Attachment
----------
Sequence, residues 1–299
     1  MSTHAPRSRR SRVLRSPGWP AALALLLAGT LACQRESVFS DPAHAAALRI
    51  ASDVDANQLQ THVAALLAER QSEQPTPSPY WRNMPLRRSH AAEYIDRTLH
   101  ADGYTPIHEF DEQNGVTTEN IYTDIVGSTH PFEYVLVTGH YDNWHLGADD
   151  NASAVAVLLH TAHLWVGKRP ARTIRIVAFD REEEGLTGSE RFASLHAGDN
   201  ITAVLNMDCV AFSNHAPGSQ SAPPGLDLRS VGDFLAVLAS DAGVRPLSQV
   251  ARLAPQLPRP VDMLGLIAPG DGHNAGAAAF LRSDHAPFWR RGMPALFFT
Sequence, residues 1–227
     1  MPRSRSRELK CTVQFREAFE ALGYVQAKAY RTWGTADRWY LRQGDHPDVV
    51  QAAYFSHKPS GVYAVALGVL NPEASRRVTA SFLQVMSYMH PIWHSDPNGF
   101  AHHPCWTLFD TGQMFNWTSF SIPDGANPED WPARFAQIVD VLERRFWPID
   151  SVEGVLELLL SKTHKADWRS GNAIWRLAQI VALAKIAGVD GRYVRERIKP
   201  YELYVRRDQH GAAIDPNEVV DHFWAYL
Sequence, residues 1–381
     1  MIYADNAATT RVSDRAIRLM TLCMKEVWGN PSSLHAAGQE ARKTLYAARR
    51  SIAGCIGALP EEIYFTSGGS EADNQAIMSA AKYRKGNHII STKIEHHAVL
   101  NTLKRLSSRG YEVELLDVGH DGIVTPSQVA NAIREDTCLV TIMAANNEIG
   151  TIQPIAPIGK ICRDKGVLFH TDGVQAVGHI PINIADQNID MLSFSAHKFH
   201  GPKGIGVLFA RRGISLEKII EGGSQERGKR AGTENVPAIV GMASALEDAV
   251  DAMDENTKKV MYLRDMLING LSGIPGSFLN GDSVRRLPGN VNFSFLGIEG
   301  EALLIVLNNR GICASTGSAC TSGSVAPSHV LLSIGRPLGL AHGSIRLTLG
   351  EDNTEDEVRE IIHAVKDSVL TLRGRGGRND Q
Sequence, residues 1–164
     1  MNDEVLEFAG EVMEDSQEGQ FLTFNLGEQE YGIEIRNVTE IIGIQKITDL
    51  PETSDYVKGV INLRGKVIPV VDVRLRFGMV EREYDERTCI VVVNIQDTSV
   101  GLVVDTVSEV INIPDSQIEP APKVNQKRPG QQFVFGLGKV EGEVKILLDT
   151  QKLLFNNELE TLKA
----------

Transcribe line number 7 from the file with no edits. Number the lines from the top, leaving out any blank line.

   251  ARLAPQLPRP VDMLGLIAPG DGHNAGAAAF LRSDHAPFWR RGMPALFFT